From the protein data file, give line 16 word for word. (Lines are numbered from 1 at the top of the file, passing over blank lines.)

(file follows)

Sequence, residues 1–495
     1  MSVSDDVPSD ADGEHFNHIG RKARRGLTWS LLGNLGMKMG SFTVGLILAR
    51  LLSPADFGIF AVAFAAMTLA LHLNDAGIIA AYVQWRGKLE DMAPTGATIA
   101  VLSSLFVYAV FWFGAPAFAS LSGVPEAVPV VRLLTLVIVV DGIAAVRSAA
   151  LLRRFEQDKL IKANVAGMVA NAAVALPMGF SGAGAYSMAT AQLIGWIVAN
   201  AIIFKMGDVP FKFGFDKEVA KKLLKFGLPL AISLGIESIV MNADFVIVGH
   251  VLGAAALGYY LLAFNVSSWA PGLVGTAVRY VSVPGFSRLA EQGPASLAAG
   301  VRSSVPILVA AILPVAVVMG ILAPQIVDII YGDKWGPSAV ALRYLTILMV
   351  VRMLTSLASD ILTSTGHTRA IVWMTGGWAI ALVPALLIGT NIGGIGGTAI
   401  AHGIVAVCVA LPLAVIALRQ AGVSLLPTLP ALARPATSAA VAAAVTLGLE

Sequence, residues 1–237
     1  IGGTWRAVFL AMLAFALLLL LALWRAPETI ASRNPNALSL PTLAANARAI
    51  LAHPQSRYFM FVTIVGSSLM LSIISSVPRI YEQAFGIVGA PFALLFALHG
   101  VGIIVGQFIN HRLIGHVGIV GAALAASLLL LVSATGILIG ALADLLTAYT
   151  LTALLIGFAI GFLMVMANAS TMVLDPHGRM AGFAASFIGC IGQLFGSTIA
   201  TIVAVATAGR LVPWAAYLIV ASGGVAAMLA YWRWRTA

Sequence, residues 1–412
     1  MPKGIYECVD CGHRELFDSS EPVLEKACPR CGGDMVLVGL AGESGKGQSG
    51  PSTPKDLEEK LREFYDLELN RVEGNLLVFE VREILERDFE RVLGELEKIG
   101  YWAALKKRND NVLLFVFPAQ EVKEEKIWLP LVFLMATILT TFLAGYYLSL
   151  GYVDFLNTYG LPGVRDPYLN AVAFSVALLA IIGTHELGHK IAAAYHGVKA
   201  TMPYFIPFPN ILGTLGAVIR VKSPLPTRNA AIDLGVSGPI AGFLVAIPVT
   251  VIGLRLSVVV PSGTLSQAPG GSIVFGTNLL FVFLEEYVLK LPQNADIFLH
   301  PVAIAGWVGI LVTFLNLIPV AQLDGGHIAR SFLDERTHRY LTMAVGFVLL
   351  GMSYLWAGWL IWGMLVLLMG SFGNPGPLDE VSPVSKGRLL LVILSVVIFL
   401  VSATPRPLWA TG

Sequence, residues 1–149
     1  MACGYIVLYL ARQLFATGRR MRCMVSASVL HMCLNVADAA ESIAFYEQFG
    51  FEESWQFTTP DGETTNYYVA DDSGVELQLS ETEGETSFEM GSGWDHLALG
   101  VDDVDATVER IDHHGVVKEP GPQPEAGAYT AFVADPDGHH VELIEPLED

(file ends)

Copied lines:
   201  TIVAVATAGR LVPWAAYLIV ASGGVAAMLA YWRWRTA